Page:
The author owns The McCully Group LLC, which provides management consulting for dairy and food companies.
In May, the U.S. dairy herd expanded to its highest level in 27 years, climbing to over 9.5 million head. This contrasts to a rather tight window from 2000 to 2016 when dairy cow numbers ranged between 9 to 9.3 million head. That 300,000-cow movement, both up and down, coincided in response to changes in dairy farm margins. After 2017, cow numbers moved to near 9.45 million head before dropping back in 2018 and 2019 due to poor farm margins. However, since July 2019, dairy cow numbers rose 187,000 head to the current multi-decade high.
While there are many reasons for this quick ascent in cow numbers, people point to the use of gender-selected semen along with growth in large dairy farms ranking among the main reasons for the abnormally high cow numbers. However, there’s a new factor that is expected to significantly alter how dairy farms respond to market signals.
Methane digesters are being built on dairy farms, particularly on large farms in the western half of the U.S. These digesters generate a new revenue stream for the farms. California has seen significant growth in this area in response to the state’s renewable fuels market more formally known as the low-carbon fuel standard (LCFS).
A big carbon intensity score
The LCFS is a fuel-neutral, market-based state program designed to reduce the life cycle carbon intensity (CI) of transportation fuels by encouraging the use of cleaner, low-carbon fuels. Given the large negative CI score from livestock manure, the renewable natural gas (RNG) produced from it offers the highest LCFS credits.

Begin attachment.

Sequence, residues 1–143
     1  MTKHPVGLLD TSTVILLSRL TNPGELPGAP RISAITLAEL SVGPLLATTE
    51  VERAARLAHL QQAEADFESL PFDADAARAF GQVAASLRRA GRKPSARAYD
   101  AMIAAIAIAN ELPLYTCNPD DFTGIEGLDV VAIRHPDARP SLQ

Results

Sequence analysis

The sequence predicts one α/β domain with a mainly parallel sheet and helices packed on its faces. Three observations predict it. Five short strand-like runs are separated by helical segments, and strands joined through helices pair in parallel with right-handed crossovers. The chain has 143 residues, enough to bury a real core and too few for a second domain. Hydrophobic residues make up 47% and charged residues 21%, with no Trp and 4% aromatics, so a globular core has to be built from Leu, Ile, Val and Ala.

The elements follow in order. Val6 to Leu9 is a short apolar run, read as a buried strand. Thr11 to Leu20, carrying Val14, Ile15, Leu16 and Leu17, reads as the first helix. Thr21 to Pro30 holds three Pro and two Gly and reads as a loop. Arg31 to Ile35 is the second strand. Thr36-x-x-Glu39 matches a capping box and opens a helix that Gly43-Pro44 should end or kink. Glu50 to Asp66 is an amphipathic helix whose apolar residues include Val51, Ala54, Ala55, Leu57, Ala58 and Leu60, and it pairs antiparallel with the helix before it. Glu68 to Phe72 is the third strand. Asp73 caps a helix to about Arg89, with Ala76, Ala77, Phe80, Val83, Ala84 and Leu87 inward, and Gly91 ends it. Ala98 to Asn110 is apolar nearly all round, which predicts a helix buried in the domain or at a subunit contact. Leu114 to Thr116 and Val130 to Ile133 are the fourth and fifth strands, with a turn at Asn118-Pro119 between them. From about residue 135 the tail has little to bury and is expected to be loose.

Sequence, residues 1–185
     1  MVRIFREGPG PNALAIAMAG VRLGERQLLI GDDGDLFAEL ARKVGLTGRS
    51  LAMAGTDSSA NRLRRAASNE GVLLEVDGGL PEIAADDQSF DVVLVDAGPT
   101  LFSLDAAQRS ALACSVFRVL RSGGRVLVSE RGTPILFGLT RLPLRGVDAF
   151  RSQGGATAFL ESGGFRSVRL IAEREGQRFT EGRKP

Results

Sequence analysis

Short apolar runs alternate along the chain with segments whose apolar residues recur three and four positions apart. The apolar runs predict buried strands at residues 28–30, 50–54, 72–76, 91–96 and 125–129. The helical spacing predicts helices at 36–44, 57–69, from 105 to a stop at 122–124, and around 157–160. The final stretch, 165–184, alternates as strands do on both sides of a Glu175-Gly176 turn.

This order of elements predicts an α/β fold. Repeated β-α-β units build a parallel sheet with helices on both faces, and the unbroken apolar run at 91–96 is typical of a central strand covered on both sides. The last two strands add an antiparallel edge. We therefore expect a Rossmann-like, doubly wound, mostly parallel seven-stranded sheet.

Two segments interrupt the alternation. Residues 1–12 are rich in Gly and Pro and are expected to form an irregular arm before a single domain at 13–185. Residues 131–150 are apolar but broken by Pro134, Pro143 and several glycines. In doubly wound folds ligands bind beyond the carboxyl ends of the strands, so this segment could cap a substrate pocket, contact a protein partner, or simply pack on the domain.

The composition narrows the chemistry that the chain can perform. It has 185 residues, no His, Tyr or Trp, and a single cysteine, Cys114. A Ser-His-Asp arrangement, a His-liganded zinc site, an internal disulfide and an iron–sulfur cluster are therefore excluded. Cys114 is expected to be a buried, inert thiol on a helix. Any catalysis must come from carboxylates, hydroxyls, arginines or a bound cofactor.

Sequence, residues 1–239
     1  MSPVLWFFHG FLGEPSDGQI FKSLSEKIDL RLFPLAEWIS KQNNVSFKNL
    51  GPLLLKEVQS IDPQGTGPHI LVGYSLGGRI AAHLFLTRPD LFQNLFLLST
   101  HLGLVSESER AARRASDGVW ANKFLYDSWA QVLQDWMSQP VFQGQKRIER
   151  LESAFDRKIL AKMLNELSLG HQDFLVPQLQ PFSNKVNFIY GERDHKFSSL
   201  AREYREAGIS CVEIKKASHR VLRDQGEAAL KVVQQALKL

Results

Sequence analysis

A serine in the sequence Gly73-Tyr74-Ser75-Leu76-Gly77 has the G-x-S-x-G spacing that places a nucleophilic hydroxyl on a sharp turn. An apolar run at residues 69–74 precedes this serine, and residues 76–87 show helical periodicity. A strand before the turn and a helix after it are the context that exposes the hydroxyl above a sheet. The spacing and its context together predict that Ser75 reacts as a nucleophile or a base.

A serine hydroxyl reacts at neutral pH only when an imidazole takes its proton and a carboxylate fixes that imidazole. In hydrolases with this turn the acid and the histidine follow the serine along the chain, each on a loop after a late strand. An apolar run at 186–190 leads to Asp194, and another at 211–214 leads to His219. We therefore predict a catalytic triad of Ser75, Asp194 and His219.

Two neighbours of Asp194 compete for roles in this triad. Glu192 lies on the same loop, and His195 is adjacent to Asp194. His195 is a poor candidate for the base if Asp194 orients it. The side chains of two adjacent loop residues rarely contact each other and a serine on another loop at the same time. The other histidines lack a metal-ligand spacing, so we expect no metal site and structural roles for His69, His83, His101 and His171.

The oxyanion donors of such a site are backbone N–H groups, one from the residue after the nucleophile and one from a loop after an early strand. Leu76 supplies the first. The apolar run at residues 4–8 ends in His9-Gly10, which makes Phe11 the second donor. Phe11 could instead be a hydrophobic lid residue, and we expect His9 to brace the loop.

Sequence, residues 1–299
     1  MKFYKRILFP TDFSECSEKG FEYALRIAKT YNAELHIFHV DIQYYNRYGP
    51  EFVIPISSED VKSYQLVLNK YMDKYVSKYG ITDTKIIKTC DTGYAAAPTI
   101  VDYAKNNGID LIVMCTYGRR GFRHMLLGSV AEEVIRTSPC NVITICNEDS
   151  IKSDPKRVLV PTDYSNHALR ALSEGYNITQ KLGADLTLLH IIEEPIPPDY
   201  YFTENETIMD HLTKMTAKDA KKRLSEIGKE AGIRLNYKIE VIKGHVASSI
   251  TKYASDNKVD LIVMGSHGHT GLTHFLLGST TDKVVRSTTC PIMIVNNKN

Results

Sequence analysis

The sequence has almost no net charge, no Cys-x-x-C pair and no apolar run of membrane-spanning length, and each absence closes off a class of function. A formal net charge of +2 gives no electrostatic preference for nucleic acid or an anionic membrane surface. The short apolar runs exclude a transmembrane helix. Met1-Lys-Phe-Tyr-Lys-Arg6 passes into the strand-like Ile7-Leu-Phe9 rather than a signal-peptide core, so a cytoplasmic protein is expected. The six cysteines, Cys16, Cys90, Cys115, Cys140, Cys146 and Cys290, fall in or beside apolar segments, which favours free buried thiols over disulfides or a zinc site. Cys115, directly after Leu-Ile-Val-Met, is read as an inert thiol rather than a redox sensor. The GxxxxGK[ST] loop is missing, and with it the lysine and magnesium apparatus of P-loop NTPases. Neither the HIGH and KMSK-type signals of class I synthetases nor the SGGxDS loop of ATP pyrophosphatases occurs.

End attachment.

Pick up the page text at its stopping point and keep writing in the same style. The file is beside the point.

Dairy farms are ideal sources of raw material given the volume of manure produced per cow along with the ability to collect it in confinement operations. This has attracted energy companies, private equity firms, industrial conglomerates, and others looking to invest in digester projects. In some cases, payback on the investment can be less than three years.
While the program is California-based, RNG generated out-of-state is eligible for LCFS credits if the gas is injected into a natural gas pipeline with the ability to flow to California. This has led to significant growth in anaerobic digestion projects across the country that inject their RNG into pipelines for sale in California.